Also important to mention is the work of Dr. Marc Righini and colleagues on age-adjusted D-dimer for exclusion of pulmonary embolism. A D-dimer < 500 μg/L measured using a high-sensitivity assay system is a robust means of excluding pulmonary embolism in patients with a low pretest probability of PE, obviating the need for CT-pulmonary angiography. However, the specificity of a fixed cut-off of 500 μg/L is low in elderly patients because D-dimer values increase with age. In a prospective multicenter study, use of an age-adjusted D-dimer cut-off (age × 10) in patients older than 50 years reliably excluded pulmonary embolism and reduced unnecessary imaging compared with a fixed cut-off of 500 μg/L.7

Looking forward to 2015, treatment options for post-thrombotic syndrome (PTS) are limited. Pharmacomechanical catheter-directed thrombolysis (PCDT) in patients presenting with acute proximal deep vein thrombosis (DVT) may reduce the frequency or severity of PTS. In the ATTRACT trial, patients with acute proximal DVT are randomized to PCDT plus standard care (anticoagulation and elastic compression stockings) or standard care alone. The primary outcome is development of PTS within two years. Bleeding and other safety outcomes are also assessed. Growing evidence suggests that perioperative bridging anticoagulation is overused in clinical practice and associated with increased bleeding. In the PERIOP-2 trial, patients on warfarin for atrial fibrillation or mechanical heart valves who require interruption of anticoagulation for an invasive procedure are randomized to postoperative low molecular weight heparin bridging or placebo. The primary outcome is thromboembolism at 90 days and bleeding will also be recorded.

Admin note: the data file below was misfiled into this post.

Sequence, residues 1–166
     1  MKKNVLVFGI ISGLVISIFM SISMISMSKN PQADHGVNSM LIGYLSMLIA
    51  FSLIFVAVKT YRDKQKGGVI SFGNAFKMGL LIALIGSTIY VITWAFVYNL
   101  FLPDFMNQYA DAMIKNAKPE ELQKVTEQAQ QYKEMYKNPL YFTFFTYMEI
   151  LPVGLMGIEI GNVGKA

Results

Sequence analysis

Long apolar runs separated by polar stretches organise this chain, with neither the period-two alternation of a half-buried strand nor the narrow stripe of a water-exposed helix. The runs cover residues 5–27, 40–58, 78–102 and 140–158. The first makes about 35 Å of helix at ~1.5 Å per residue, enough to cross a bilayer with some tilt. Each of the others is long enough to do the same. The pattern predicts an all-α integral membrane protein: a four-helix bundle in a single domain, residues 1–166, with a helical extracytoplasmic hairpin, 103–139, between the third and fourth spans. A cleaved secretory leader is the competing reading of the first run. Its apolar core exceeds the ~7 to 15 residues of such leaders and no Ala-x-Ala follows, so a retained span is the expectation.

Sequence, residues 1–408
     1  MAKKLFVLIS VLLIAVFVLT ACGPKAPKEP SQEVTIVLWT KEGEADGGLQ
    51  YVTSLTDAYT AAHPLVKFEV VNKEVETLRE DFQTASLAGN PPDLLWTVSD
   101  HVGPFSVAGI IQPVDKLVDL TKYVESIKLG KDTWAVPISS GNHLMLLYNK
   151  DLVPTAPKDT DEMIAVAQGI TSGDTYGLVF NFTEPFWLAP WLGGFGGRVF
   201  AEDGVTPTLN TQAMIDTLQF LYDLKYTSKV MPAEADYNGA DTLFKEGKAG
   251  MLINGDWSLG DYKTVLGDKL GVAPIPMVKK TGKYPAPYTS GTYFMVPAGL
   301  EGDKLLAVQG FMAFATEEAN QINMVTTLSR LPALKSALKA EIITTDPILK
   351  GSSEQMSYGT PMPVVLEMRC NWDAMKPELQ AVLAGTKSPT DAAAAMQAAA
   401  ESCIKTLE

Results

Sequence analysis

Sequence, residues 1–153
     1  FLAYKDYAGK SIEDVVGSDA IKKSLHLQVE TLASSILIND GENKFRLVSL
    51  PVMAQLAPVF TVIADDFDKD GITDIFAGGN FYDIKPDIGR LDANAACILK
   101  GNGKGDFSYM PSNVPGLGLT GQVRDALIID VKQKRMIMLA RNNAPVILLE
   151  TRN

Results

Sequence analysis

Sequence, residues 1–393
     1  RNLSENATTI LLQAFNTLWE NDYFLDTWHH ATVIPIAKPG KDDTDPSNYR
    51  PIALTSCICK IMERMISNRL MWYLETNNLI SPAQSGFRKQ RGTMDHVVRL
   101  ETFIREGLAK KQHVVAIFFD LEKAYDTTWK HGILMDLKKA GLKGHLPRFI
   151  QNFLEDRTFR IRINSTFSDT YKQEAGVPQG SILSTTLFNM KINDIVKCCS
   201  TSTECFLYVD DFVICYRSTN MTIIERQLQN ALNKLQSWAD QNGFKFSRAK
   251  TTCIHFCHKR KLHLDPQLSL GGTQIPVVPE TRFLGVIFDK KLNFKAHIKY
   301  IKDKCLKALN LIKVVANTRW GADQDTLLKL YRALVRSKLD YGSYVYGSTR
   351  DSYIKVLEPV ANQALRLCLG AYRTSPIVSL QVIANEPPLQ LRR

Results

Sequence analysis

References

  1. Powell JS, Pasi KJ, Ragni MV, et al. Phase 3 study of recombinant factor IX Fc fusion protein in hemophilia B. N Engl J Med. 2013;369:2313-2323.
  2. Powell J, Shapiro A, Ragni M, et al. Switching to recombinant factor IX Fc fusion protein prophylaxis results in fewer infusions, decreased factor IX consumption and lower bleeding rates. Br J Haematol. 2015;168:113-123.
  3. Collins PW, Young G, Knobe K, et al. Recombinant long-acting glycoPEGylated factor IX in hemophilia B: a multinational randomized phase 3 trial. Blood. 2014;124:3880-3886.
  4. Mahlangu J, Powell JS, Ragni MV, et al. Phase 3 study of recombinant factor VIII Fc fusion protein in hemophilia A. Blood. 2014;123:317-325.
  5. Fahs SA, Hille MT, Shi Q, et al. A conditional knockout mouse model reveals endothelial cells as the principal and possibly exclusive source of plasma factor VIII. Blood. 2014;123:3706-3713.
  6. Everett LA, Cleuren ACA, Khoriaty RN, et al. Murine coagulation factor VIII is synthesized in endothelial cells. Blood. 2014;123:3697-3705.
  7. Righini M, Van Es J, Den Exter PL, et al. Age-adjusted D-dimer cutoff levels to rule out pulmonary embolism: the ADJUST-PE study. JAMA. 2014;311:1117-1124.

Conflict of Interests

Dr. Cuker indicated no relevant conflicts of interest. back to top